Sunday, November 9, 2008
China Sets Big Stimulus Plan In Bid to Jump-Start Growth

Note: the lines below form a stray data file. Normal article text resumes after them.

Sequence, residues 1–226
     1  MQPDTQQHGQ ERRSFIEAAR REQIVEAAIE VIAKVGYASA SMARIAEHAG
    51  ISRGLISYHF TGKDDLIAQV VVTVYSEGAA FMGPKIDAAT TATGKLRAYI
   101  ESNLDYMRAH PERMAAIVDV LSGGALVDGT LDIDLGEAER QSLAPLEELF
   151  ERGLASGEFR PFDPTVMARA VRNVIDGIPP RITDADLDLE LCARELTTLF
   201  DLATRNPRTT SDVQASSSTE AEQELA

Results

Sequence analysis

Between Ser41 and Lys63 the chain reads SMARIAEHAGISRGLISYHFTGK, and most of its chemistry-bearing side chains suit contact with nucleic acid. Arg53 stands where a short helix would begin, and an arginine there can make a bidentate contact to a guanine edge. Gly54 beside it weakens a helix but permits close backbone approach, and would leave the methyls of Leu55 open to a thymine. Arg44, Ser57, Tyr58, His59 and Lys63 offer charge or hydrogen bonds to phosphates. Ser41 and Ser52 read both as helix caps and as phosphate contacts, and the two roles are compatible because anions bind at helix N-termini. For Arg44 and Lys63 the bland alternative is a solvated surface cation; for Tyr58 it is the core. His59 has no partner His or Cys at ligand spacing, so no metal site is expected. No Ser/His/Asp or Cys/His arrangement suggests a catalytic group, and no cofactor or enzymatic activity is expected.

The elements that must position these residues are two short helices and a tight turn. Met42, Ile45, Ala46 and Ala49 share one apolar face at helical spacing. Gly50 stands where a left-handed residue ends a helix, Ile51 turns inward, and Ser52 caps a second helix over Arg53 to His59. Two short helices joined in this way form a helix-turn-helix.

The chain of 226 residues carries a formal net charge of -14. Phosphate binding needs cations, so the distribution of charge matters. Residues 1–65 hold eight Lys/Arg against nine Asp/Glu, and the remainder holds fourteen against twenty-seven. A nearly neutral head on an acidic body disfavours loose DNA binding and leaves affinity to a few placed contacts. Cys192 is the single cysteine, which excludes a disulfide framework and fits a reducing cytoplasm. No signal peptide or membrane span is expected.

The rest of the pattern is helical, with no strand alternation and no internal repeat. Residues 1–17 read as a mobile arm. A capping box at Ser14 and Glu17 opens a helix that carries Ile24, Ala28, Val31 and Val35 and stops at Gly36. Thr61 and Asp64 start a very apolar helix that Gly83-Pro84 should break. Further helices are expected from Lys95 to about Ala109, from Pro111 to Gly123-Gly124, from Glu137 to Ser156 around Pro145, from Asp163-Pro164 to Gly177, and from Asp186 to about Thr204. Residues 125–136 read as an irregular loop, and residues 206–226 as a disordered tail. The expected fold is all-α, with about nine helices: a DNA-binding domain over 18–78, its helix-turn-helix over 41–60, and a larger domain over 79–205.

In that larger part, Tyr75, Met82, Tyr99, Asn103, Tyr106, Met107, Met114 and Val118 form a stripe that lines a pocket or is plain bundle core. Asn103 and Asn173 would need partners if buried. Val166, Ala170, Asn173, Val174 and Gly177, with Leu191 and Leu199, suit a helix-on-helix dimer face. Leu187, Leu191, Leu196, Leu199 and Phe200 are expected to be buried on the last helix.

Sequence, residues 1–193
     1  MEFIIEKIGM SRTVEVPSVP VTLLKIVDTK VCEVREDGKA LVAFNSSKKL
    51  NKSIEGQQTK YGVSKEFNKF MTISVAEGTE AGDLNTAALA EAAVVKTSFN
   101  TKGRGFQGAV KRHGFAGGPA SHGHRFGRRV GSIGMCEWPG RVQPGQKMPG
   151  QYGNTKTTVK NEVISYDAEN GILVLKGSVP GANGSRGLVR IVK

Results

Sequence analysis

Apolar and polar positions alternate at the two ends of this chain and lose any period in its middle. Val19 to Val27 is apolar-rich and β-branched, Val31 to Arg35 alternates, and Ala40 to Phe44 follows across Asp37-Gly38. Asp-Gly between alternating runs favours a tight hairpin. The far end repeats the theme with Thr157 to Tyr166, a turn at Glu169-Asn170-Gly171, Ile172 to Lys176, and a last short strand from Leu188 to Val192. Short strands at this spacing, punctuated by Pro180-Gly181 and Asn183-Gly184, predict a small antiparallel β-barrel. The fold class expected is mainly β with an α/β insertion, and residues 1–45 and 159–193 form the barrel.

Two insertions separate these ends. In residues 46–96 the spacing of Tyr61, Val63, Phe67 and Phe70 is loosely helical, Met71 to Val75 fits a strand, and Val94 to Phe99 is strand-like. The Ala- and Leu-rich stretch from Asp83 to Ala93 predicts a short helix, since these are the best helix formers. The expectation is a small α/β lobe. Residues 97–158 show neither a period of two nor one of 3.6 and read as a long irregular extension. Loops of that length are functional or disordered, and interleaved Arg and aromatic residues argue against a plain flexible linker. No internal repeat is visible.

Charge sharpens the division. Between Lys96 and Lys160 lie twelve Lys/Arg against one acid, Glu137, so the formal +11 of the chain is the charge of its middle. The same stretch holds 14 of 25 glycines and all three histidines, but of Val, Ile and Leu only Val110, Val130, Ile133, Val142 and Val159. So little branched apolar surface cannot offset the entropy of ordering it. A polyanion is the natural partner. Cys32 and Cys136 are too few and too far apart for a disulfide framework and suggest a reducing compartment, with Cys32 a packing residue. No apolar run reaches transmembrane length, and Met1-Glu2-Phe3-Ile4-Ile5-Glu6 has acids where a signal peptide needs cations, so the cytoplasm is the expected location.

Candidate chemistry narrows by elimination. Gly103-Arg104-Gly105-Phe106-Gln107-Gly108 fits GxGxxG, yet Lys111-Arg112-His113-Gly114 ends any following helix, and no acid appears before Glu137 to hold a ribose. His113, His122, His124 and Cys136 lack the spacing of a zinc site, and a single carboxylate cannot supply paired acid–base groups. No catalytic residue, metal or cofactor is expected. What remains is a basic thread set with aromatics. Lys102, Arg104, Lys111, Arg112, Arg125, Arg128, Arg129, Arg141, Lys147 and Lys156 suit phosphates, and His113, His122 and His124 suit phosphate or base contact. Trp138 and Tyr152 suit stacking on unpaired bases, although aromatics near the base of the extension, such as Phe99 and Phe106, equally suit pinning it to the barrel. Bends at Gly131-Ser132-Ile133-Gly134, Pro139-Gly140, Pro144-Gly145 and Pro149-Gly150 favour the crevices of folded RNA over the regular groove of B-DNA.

BEIJING -- China unveiled an economic stimulus program it billed as totaling $586 billion, aiming to bolster domestic demand and help avert a global recession. Though the two-year package appeared to include some previously announced measures, its size was clearly designed to revive the fading confidence of Chinese businesses and consumers, and impress foreign governments. The announced sum of four trillion yuan represents about 16% of China's economic output last year, and is roughly equal to the total of all central and local government spending in 2006. New spending of even half that amount would be substantial next to China's six trillion yuan annual budget for this year. The plan includes spending in housing, infrastructure, agriculture, health care and social welfare, and features a tax deduction for capital spending by companies. China's economy won't be able to absorb so much spending immediately: Economists expect one or two more quarters of slowing growth at a minimum before a rebound could take hold. With the announcement, China will enter a meeting Saturday of the Group of 20 largest economies with a plan that would dwarf stimulus measures by others in the group, which is convening in Washington to discuss ways to stem a global slowdown in growth. The U.S. pushed through a $168 billion stimulus package earlier this year, equal to about 1% of gross domestic product, and the Federal Reserve has aggressively cut interest rates, complementing the Treasury's $700 billion for troubled financial institutions. Japan has a $51.5 billion package that largely consists of payouts to families and tax relief for businesses, and Germany is moving on tax breaks and loans that will cost the government around $29.9 billion over four years. Finance ministers and central bankers meeting this weekend in São Paulo in advance of the G-20 summit discussed the need for fiscal stimulus to fuel economic growth, U.S. Treasury Under Secretary for International Affairs David McCormick said Sunday. He called the Chinese announcement a "welcome step." If the stimulus package can help alleviate a slowdown in China's housing and investment boom, that could help cushion decreases in Chinese purchases of raw materials and goods from the U.S. and other developed nations. While the outlook for China's once-booming economy has rapidly worsened, the country remains comparatively well-placed to deal with a slowdown. The boom years have been kind to China, allowing it to clean up its banking system, return state enterprises to profitability and shore up government finances. Now the state is putting its significant financial resources -- including a budget that for the moment is still in surplus -- into play to shore up the economy. China's economic growth has slowed to the weakest pace in five years, with output expanding just 9% in the third quarter from a year earlier after gaining nearly 12% in 2007. That is still fast by the standards of any other country and helps show why China is important to maintaining a decent pace of global economic expansion. China's government has long held that growth of at least 8% is needed to provide the improvement of employment and incomes that the ruling Communist Party relies on for popular support. China's financial system remains largely unscathed by the global credit squeeze, but prospects for the country's continued growth at that kind of pace have deteriorated rapidly. Export orders from the U.S., Europe and Japan are weakening, causing factories around China to trim work forces or shut down entirely -- leading to unemployment that could undermine popular backing for the government. Spooked urban consumers are pulling back from China's housing market, causing new construction to collapse to its worst level in a decade. With construction weak, support for other key industries such as cement and steel has eroded, and they are cutting output and canceling orders for raw materials -- moves that are being felt by commodities firms around the world. The downward spiral in confidence is likely to depress growth even further. Among foreign businesses that rely on a healthy Chinese economy, suppliers of metals and machinery for infrastructure construction and companies that target Chinese consumers will be closely watching the effects of the stimulus program. The program was announced Sunday night in Beijing just before the scheduled release of economic data for October that are expected to show a further sharp deterioration in activity. China's leaders "realize this is really about sentiment and confidence, which needs a very fast and strong policy response," said Wang Qing, an economist with Morgan Stanley. Based on recent trends and without a policy response, China could have seen 5% to 6% growth next year, according to Mr. Wang. With stimulus measures that include previous moves to cut interest rates and end caps on bank lending, he said China now has good odds of achieving the 8% to 9% growth in 2009 that officials still say they expect. Other governments around the world are also considering fiscal-stimulus plans to boost their economies, something the International Monetary Fund has encouraged. U.S. lawmakers, during their lame-duck session next week, are expected to consider a stimulus package focused on aid to local governments and extended unemployment benefits. House Speaker Nancy Pelosi is pushing for a two-step plan with as much as $100 billion this month followed by a companion measure early next year that would include a tax cut. Outside economists are urging Democratic congressional leaders to move a much larger package than now being considered: as much as $300 billion, or 2% of U.S. economic output. China's plan appears to be comparable in size. In a statement announcing China's plan, the State Council said it would deliver 120 billion yuan ($18 billion) of new spending in the last quarter of this year alone. The State Council -- effectively China's cabinet -- estimated that would drive an additional increase of 400 billion yuan in local and private-sector investment throughout the economy. China's government is also making plans for new spending in areas such as low-cost housing, road and rail infrastructure, agricultural subsidies, health care and social welfare over the next two years. Beijing has long used infrastructure investment to stimulate growth. In recent years, spending on everything from public works to housing to factory equipment has accounted for about four to six percentage points of China's 10% average annual growth rate. Spending on infrastructure such as highways, ports and power plants amounted to more than $400 billion last year, on the heels of $42 billion Beijing spent preparing for the Summer Olympics. In the new stimulus package, total new investment could be less than the headline figure of four trillion yuan, since the plan does appear, for instance, to incorporate rebuilding programs for the areas affected by May's massive earthquake. Those have already been allocated one trillion yuan in funds. Although Chinese officials have been meeting daily on the financial crisis, most observers hadn't expected leaders to reach final consensus on a stimulus plan until an annual economic-policy meeting scheduled for the end of this month. The rapidity of the response underscored the government's concern about the growing risks of a real downturn. China has also joined in international calls to revamp international financial oversight and address faltering business and consumer confidence. President Hu Jintao will visit Washington later this month for the G-20 summit, and is expected to meet President-elect Barack Obama. On Saturday, in their first telephone conversation since last week's election, Mr. Hu told Mr. Obama that China "attaches great importance" to the summit and called for efforts to strengthen international financial regulation, China's official Xinhua news agency reported. Economists said China's new stimulus plan represents an even more dramatic policy response than China adopted in 1998 during the Asian financial crisis, when Beijing spent heavily to counter a similarly worrisome combination of an external financial crisis and a sharp domestic slowdown. "As the global economic and financial crisis has become more severe in the last two months, China must take flexible and prudent macroeconomic policies to resist the negative impact of the international situation and deal with these complicated and ever-changing trends," the State Council said in its statement. The new measures include an expected revamping of China's value-added tax system to allow all companies operating in China to deduct spending on capital equipment. The government estimated the new system, which is already in place in some provinces, would save companies a total of 120 billion yuan when fully rolled out. The government has recently been phasing out tax breaks specifically for foreign companies to invest in China and didn't mention any such measures as part of the stimulus. Economists say the change to the tax system is unlikely to encourage businesses to invest if they are doubtful about the economic outlook, which is likely one reason why the stimulus plan emphasizes new spending. Another question is how quickly the effects of the stimulus package will be felt in the real economy. While the government's statement included language urging local officials to rapidly put new money to work, some lag is unavoidable. And since infrastructure spending has already been growing by about 20% annually for the past couple of decades, there may be physical and logistical limitations to how much spending can be further accelerated. "I don't doubt the government's ability to support growth. However, the timing is challenging, as the speed of domestic demand may correct faster than fiscal policy can be eased," Ben Simpfendorfer, an economist for Royal Bank of Scotland, wrote in a report last week. The government is presenting the program as an opportunity to do many things that would be worth doing anyway. Those include helping companies upgrade to higher-tech equipment, improving irrigation in rural areas, raising pensions and social-security payments, and improving water and waste treatment in cities. China can afford to spend. With tax revenue up more than 30% last year, central and local governments ran a combined surplus equivalent to 0.7% of GDP.